director, search assessment
This Week in Leadership
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In 2016, the group that hands out Hollywood’s top prize, the Oscar, brought three young Asian boys on the stage and presented them as the group’s “hardworking accountants.” The joke was roundly criticized for being disrespectful of Asians and Asian Americans and pandered to the group’s stereotype of being a silent, “model” minority.
But last year, the Best Picture Oscar went to a movie directed by a Korean filmmaker. Now, a Chinese filmmaker, Chloé Zhao, won the latest Best Director award and her film won Best Picture. The Best Supporting Actress award went to a Korean actress, Youn Yuh-jung, while two Asian Americans were nominated in the Best Original Screenplay and Best Actor categories. Some leadership experts hope that Hollywood’s evolution can show that any group can create a more inclusive culture.
The results showed that “Hollywood, and other workplaces, can notice and nurture Asian talent if they bother to,” says Karen Huang, Korn Ferry’s director of search assessment. The joke of 2016—which came on the heels of the industry getting criticized in 2015 for not having any people of color nominated for its major awards—galvanized many Asians, both in the United States and abroad, to pressure Hollywood to look at how it treats and recognizes Asian talent.
Indeed, the increased representation at the Oscars comes after the Academy of Motion Picture Arts and Sciences embarked on a significant structural and cultural transition of its own. Over the past five years, the group made diversity and inclusion one of its top goals. It changed who can vote for its top awards, eliminated lifetime voting rights, and restructured internal committees, all with the goal of giving artists and executives from underrepresented groups, including Asians, a stronger voice. “Wins like these can inspire younger people of Asian descent,” says Sunny Wang, a Korn Ferry diversity, equity, and inclusion specialist.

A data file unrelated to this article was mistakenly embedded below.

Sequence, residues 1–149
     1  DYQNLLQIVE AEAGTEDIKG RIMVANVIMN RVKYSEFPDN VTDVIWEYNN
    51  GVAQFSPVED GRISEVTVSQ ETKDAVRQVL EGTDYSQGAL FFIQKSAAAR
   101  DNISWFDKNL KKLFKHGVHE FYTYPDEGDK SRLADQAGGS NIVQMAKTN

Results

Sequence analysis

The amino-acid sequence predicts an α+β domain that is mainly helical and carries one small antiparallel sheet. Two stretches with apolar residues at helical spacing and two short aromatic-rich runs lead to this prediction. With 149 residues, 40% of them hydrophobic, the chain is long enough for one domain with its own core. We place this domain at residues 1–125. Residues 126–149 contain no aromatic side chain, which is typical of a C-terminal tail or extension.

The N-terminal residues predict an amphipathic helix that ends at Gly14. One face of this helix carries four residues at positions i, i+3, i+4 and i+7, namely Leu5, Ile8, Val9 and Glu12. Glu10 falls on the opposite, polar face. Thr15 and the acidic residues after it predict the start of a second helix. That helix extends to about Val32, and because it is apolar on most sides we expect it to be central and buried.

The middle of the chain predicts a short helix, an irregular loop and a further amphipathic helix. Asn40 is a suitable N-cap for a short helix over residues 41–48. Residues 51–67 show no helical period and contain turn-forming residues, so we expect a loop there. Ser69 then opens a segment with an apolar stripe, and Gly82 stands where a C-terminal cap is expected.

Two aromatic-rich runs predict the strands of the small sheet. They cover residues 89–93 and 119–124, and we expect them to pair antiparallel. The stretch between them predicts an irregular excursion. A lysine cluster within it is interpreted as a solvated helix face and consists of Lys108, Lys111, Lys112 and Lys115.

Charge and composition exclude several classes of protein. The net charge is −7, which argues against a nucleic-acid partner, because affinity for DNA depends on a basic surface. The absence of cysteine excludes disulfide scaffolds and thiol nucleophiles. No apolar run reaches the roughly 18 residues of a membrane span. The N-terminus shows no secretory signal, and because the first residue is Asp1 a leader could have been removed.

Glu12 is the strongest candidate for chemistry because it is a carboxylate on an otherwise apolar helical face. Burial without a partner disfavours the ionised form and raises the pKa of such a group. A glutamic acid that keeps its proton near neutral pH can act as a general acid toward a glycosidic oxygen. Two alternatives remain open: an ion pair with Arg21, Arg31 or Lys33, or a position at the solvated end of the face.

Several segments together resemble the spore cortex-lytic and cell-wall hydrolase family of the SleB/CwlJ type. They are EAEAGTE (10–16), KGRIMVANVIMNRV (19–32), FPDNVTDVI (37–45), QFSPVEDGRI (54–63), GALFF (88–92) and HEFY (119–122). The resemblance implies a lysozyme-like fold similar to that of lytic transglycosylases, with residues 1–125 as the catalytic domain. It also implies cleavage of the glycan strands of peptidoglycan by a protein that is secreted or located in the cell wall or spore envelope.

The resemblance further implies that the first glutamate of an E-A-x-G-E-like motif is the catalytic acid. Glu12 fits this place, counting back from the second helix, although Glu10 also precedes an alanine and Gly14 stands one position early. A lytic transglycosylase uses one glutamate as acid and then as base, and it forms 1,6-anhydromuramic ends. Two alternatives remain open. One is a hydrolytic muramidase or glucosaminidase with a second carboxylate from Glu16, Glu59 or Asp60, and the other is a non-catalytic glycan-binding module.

Those types of changes, experts say, are akin to the moves that many organizations often need to make to attract, promote, and retain employees of color, such as recognizing biases, educating employees about racism, and making managers responsible for promoting and developing underrepresented talent, including Asian Americans.
Racial issues have come to the forefront in many parts of the world over the last year. After the murder of George Floyd, organizations big and small made commitments to promoting Black talent and having more Black-owned businesses as suppliers. This winter, a slew of crimes targeting Asian Americans highlighted how the group, which represents about 5.6% of the US population, is also a victim of overt discrimination. D&I experts say there’s a more subtle form of disrespect that many Asian Americans experience at some of the country’s largest organizations. Not getting visible assignments, not being asked for their opinions, constantly having their lineage questioned, and being asked to repeat things are often obstacles that Asian Americans endure.
To be sure, Hollywood and most other groups have more work to do, experts say. In Hollywood’s case, only two women in 93 years have ever won an Oscar for Best Director, and that includes this year’s winner, Zhao. At the same time, over the past year, there have been several reports of racist and sexist behavior on and off set. Outside Hollywood, many organizations may see that they have Asian American employees and consider themselves inclusive, overlooking that few if any Asian Americans are in the leadership ranks. Asian Americans may be hesitant to point this out, Wang says, because of a cultural emphasis of being respectful and not speaking out—but silence does not necessarily mean satisfaction.